I was interviewed this week by Long Island Attorney Pedram Tabibi for a story he was doing on the rise of blogging for the Long Island Business News.

Tabibi’s piece on the growth of blogging is in the Young Island section of the today’s Long Island Business News, but I thought it worthwhile to share with you the ‘raw footage’ of my exchange with Tabibi as some portions were not included in the online story.

Tabibi: According to a recent survey, 43% of US companies will be blogging by 2012, up from just 16% in 2007. Why the increase in your opinion?
O’Keefe: Three primary reasons. One companies need to connect with their customers and prospective customers. Those customers are using social media and reading blogs.

Two, only 14% of people trust advertising. Unlike a website, which is an advertisement, individuals trust other individuals who share insight through blogging. That’s why it’s important that a blog carry the voice of individuals, as opposed to a marketing message from the company.

Three, blogs are an enabling technology. Never before have companies been able to connect with their customers and clients this easily and in such a cost effective way.

Note also that in the case of law firms, 94% of large law firms intend to blog and for small and medium size law firms, it’s 84%.

Tabibi: What benefits does blogging serve for a business?
O’Keefe: Many, but here’s a couple. Blogs establish trust. Once people read your blog, they view you as a trusted authority for information. When people go to hire a professional or buy a product when they have the need, they turn to someone they trust. Blogs put you one step away.

Two, the best companies and professionals get hired by virtue of their word of mouth reputation. The internet did not change that. Blogs accelerate a company’s or professional’s word of mouth reputation.

Tabibi: How does blogging mesh with social media? Is it the same thing? How is it different?
O’Keefe: Blogging is part of social media. For professional services providers who get hired because they are trusted and reliable authorities, a blog is their hub. Their blog demonstrates their expertise, passion, intellect, and heart. Other social media, whether Twitter, Facebook, or LinkedIn are roads that lead to their identity, their blog.

Other social media also extend the reach of the company blogging. A company’s blog posts, if done well, will be shared on Twitter, Facebook, and LinkedIn by people influencing your customers or clients.

Tabibi: How can a company effectively blog? What must be done to sustain an effective blogging strategy?
O’Keefe: Strategy is key. Many companies blog because they think they need to blog or to look innovative. They’ll spend lots of time and get nothing in return. It’s critical that before blogging, a company or individual clearly define their targeted audience, the focus or niche of the blog, and their definition of success.
Tabibi: What are some important keys to effectively business blogging?
O’Keefe: There are many.

One is to realize that the Internet is one large conversation. There are people talking about niche subjects on everything imaginable. In any conversation, listening is important. When it comes to the Internet and blogging, listening requires an understanding of how to effectively subscribe to sources and terms relevant you or industry and industry as well as how to harness the tools and applications to efficiently read the information subscribed to.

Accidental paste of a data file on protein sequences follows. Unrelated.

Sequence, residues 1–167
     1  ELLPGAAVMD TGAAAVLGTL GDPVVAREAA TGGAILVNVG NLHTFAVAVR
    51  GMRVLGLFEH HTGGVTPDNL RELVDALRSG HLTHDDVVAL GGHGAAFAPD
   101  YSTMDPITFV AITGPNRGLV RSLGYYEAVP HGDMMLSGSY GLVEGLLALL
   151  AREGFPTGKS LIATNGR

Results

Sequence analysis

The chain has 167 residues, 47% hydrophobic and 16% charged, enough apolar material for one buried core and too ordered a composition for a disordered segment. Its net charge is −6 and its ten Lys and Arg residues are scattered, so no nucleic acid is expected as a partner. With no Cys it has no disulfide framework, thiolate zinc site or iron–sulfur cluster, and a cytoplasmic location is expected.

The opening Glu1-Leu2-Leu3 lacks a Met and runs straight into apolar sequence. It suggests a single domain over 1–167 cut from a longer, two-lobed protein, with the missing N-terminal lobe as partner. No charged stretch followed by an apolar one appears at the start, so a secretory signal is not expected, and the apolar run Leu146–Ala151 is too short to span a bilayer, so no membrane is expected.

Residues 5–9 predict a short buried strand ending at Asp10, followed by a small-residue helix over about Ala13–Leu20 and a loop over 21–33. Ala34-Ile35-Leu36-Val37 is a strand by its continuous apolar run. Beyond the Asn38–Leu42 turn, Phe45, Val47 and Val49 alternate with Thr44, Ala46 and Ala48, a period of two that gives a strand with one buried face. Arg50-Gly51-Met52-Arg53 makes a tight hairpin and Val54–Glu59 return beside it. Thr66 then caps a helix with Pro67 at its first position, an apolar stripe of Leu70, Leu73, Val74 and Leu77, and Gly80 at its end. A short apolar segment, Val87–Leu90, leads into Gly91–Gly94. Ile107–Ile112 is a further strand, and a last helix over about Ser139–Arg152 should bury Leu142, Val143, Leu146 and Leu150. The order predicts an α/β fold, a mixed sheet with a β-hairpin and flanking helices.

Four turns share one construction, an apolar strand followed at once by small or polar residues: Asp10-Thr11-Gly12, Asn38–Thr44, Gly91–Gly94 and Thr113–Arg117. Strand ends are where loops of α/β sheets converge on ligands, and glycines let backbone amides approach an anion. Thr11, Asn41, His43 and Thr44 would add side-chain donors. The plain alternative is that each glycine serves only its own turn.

Two, it’s critical to understand that your customers and clients are not the most important members of your targeted audience. Your most important audience is amplifiers, influencers, and thought leaders, whether they be reporters, publishers, other bloggers, or association leaders. You must engage those people and get them to start sharing and citing what you are blogging.

Three, understanding how to measure the ROI on blogging. Traffic and analytics are not necessarily they way to measure success. Ask: 1) Is our reputation being enhanced? 2) Is our network of relationships growing? 3) Are we establishing ourselves as trusted subject matter experts in the industry or consumer group we sell into? And 4) Are we getting not just customers or clients, but high quality customers and clients?

Four, don’t make a blog part of your website. Your website, though important, is an advertisement. Your blog needs to be a stand alone presence in order to build trust and influence.

Tabibi: What habits/pitfalls should a business looking to blog avoid?
O’Keefe: Don’t blog if you don’t know what you are doing and cannot present yourself well. Though some companies will tinker on their own, doing so can be an expensive use of their time and puts them at risk of not making a favorable first impression, if not embarrassing themselves and damaging their brand and reputation. If you’re not familiar with blogging and social media, hire someone with experience to guide you on strategy, design, development, coaching, and support.
Tabibi: Where do you see blogging going in the next few years?
O’Keefe: We’re only scratching the surface today. As publishing by traditional publishers declines and traditional PR becomes less effective, blogging is going to become more and more important for companies looking to reach their customers.

At the same time, customers are looking for better and more information. The people in the know, your employees and practicing professionals, are the ones who have the best information and insight. It’s a recipe for not only more blogs, but also much improved blogs.

Again, Tabibi’s well done piece entitled, ‘Businesses Increasingly Embrace Blogs to Promote Brand and Attract Customers‘ is in today’s Young Island section of the Long Island Business News.

Thanks for the opportunity to be interviewed Pedram, my pleasure.